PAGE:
the EM31 and EM61. This density of coverage permitted the recognition of underground utilities and culverts which often disrupt the interpretation of studies with lower density coverage.  Note in the figure above that the water pipeline produced an EM31 anomaly 50 feet wide, but nearby waste trenches are still identifiable.  The EM61 results provide even higher resolution and minimize the "width" of the pipeline.  Both methods were used at this site because the EM31 is capable of responding to deeper targets and "filters" out small scattered metal.  As seen above, both methods detected burial trenches.  In addition, the EM61 detected many smaller objects surrounding the major burial zones, indicating that the trenches were emplaced in larger landfilled areas.

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Purpose: Historical aerial photographs and old records indicated the presence of buried waste materials scattered over an area of 30 acres.  In planning the excavation of these industrial wastes, knowledge of their exact extent and distribution was required.  EM conductivity and metal detector surveys were performed with EM31 and EM61 instruments to delineate suspected burial trenches, pits, tanks, and scattered cylinders.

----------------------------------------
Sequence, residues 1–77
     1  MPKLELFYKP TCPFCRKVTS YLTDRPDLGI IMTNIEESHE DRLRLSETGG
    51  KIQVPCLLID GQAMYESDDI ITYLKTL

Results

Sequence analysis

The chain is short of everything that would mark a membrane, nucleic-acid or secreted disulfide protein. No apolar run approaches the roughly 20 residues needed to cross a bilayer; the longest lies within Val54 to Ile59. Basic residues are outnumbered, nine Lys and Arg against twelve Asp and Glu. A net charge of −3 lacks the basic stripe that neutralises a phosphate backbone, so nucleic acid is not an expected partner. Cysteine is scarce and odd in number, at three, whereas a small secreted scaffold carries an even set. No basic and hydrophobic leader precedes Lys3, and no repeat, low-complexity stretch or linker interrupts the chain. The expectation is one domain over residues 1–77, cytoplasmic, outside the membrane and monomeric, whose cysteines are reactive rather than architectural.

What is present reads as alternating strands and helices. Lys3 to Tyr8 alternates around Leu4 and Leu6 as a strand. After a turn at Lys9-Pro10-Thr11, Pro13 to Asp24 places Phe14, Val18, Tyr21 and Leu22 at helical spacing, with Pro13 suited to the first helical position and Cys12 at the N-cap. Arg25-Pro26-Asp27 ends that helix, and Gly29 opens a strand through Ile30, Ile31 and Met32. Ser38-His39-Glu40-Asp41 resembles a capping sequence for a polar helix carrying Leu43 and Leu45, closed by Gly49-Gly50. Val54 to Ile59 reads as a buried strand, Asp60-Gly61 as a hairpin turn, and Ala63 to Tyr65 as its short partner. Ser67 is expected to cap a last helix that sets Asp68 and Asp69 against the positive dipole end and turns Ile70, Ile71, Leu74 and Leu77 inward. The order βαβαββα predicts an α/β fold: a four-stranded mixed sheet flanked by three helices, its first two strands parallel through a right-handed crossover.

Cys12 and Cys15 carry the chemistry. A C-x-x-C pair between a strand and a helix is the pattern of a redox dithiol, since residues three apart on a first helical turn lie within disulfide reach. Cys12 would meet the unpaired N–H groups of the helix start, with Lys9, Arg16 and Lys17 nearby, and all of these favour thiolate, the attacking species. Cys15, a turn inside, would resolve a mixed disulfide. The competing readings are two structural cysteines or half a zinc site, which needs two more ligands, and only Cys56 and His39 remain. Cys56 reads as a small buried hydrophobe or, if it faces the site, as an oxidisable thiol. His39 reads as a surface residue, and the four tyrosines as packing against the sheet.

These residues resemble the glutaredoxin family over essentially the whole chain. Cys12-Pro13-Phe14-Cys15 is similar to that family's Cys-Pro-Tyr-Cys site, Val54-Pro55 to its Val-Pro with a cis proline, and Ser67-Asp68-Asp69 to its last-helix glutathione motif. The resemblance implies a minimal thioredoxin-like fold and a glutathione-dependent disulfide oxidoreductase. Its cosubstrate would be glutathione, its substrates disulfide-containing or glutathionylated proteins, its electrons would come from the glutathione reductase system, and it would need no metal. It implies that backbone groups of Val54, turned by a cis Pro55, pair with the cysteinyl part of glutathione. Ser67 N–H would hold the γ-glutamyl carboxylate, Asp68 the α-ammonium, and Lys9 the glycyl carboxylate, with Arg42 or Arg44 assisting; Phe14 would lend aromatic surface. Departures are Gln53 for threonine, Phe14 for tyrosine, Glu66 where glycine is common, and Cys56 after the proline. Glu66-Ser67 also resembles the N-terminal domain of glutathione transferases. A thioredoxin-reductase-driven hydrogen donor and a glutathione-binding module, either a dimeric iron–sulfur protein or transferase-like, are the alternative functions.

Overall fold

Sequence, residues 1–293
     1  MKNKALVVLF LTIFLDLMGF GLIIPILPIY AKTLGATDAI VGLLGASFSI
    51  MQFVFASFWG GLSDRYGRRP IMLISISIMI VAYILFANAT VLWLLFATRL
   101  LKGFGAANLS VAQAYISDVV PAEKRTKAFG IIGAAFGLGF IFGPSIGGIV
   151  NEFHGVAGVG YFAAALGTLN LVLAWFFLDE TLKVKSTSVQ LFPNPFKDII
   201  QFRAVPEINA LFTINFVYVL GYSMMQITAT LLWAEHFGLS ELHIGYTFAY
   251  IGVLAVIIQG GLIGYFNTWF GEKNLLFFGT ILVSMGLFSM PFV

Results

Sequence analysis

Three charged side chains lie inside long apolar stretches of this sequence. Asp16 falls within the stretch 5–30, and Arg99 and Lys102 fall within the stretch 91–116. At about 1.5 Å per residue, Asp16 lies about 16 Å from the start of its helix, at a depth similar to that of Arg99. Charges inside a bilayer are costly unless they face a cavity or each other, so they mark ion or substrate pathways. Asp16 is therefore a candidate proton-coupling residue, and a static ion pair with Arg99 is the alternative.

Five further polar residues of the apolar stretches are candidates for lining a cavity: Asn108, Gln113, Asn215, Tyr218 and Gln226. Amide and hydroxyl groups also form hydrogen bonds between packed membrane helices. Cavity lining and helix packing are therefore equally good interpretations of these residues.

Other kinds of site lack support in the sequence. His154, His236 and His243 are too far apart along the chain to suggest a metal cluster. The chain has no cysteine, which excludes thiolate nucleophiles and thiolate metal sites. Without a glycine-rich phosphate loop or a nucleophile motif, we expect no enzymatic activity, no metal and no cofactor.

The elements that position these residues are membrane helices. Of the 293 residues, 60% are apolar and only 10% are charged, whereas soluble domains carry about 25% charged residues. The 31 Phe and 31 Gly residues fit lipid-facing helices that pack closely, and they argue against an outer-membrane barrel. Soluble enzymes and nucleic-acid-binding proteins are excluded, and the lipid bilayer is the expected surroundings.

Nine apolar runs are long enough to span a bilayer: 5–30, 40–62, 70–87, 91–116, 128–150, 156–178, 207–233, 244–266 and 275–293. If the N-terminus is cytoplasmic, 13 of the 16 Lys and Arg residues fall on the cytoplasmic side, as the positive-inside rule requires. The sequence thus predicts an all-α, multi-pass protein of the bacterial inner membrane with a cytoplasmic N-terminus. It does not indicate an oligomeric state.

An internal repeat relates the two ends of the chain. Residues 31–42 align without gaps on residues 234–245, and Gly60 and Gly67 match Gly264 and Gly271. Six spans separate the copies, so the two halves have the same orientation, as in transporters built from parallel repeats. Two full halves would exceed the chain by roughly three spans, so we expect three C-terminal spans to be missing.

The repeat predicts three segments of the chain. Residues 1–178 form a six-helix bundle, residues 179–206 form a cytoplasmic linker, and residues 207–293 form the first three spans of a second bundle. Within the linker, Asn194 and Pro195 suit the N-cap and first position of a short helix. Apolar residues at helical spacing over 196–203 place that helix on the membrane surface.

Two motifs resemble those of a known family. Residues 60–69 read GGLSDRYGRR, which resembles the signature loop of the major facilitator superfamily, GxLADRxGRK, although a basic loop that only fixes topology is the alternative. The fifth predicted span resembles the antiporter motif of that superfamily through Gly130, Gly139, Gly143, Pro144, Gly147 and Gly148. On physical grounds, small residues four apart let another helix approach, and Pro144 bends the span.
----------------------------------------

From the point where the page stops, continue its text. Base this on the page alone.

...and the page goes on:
Results: Many burial features were accurately mapped by the investigation.  These trenches and pits contained large concentrations of metal such as drums and industrial debris.  Several features were found that were not identified by early reconnaissance work.

Discussion: Excavation and removal of buried wastes could not be planned or executed without better definition of waste
limits than provided by historical photographs.  A high density coverage of the site was undertaken with 10 foot line spacings and data collected at 2.5 and 1 foot intervals for
Case Studies